Casa Del Mar, available via onefinestay, is a three bedroom villa in Bali. (Photo courtesy of onefinestay)
You can book Casa Del Mar, a three bedroom villa in Bali, via onefinestay. (Photo courtesy of onefinestay)

The Black Card comes with all the travel and purchase protections you expect to come with a premium product. Travelers receive protections including:

  • Trip cancellation and interruption insurance. Receive secondary coverage for a covered, round-trip purchase when you use the card. You can be reimbursed for the cost of the non-refundable, round-trip expenses up to $5,000 per person if accidental covered events cause you to cancel or interrupt your trip for a covered reason.
  • Travel assistance. Receive Master Trip Travel Assistance, Medical Assistance, and Master Legal Referral Service when you travel 50 miles or more from home.
  • Baggage delay insurance. You can be reimbursed for covered items for up to $100 a day at a maximum of three qualifying days for delays of more than four hours from the time you arrive at your destination (arrival at your primary residence is excluded).
  • No foreign transaction fees. Take this card when you travel abroad and don't worry about paying fees every time you swipe it.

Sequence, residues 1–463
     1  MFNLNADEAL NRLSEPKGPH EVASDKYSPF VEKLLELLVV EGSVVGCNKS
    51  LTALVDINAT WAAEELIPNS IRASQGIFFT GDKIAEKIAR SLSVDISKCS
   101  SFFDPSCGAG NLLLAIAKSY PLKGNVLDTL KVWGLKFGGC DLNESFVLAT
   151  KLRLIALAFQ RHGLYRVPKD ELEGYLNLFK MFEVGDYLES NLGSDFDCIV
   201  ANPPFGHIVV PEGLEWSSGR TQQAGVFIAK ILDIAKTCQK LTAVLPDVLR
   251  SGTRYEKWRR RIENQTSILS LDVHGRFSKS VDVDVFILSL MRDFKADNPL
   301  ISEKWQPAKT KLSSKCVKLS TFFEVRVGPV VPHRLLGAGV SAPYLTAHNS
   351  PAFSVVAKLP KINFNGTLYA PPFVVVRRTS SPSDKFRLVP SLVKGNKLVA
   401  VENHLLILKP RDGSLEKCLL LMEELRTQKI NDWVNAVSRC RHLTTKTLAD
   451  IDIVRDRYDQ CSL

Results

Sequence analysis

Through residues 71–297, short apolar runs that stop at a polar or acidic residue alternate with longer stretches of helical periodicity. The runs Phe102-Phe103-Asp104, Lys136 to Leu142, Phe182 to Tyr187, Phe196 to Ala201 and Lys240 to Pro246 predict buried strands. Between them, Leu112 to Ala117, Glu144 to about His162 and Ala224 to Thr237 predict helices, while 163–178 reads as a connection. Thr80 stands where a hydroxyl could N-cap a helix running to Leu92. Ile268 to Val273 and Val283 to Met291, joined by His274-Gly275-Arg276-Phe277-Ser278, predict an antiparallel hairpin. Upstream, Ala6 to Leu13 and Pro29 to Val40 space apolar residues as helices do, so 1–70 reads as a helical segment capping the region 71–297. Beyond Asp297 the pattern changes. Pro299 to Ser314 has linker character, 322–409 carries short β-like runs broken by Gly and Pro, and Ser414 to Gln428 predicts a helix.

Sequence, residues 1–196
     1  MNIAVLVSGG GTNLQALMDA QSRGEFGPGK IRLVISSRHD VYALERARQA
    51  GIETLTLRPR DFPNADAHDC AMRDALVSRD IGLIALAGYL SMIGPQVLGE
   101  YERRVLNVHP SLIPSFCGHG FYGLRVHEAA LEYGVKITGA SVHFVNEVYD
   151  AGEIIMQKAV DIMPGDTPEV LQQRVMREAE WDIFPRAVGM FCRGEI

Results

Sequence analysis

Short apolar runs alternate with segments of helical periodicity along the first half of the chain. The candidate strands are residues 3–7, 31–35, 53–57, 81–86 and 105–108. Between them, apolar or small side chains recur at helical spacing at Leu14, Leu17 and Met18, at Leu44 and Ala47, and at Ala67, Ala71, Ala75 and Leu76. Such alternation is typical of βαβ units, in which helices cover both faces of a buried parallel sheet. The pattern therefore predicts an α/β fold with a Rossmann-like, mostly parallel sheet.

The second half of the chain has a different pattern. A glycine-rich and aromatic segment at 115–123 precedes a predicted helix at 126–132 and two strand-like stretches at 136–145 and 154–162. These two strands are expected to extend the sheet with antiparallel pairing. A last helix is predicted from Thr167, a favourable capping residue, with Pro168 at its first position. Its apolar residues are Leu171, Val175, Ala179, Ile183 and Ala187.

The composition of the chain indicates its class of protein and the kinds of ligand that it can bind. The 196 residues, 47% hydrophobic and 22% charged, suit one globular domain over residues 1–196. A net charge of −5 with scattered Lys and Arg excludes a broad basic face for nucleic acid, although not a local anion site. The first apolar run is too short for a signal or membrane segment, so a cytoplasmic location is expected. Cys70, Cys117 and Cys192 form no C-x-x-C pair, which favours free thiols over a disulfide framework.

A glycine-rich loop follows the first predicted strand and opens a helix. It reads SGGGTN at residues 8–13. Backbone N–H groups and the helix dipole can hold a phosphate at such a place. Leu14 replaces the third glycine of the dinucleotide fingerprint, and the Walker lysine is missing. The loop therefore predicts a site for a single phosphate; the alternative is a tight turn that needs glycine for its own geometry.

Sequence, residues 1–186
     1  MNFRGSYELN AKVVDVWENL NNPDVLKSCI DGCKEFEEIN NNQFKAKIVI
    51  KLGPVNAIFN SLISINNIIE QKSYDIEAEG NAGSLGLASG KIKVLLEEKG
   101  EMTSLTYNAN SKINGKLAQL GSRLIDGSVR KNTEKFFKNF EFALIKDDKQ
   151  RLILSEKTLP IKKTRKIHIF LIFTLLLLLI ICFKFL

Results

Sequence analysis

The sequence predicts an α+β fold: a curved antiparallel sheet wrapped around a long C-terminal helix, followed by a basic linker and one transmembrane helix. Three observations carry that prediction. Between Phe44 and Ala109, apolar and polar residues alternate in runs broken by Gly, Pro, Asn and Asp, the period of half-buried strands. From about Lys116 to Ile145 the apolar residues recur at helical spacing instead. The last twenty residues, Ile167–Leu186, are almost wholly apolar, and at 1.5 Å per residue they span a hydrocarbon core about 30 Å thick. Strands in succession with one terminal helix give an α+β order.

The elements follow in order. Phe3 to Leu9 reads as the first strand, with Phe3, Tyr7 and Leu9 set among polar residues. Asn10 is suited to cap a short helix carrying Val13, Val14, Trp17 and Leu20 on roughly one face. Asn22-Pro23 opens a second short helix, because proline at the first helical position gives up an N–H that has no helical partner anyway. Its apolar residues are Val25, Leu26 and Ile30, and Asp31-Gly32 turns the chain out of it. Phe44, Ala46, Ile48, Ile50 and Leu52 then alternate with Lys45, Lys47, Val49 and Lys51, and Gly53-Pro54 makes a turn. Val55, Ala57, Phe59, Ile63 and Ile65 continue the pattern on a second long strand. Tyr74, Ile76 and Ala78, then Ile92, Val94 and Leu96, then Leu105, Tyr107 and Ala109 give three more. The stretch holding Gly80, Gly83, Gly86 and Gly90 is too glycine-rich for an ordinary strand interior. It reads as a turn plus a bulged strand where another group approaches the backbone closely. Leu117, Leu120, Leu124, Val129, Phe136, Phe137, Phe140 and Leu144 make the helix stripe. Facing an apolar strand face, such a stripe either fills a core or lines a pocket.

• Travel Accident Insurance. Receive up to $250,000 coverage for eligible common carrier accidental death and dismemberment when you charge your entire travel fare to your eligible card for a covered trip.
  • Auto Rental Collision Waiver. The card comes with secondary coverage for covered damages for a rental car when you pay for it using the card and decline the coverage offered by the rental agency.
  • Onefinestay. Receive access to thousands of rental homes and villas around the world, plus a 10% discount on eligible bookings.
  • Mastercard® Priceless®. Enjoy invitation-only, once-in-a-lifetime experiences under Priceless Cities® and Priceless Golf®.

The Black Card also comes with the following benefits:

  • Supplemental coverage for damage or theft of your cellphone
  • Enroll and take three eligible rides in a month using the card and get a $5 Lyft credit
  • Use the card to earn 5% cash rewards on eligible Boxed orders for use on future purchases
  • Receive free two-day shipping and free return shipping on eligible purchases when you sign up for a complimentary ShopRunner membership with the Black Card
  • Earn double the points for the tickets you buy via Fandango with the card, 250 points per ticket. Rack up 500 points and earn a $5 VIP + reward.

Alternatives to the Mastercard Black Card

If you are intrigued by the Black Card, odds are you're looking to add a premium card to your wallet to enhance your travel lifestyle. If the Black Card doesn't fit your needs, there are plenty of alternatives to choose from.

Chase Sapphire Reserve

(Photo by John Gribben for The Points Guy)
(Photo by John Gribben for The Points Guy)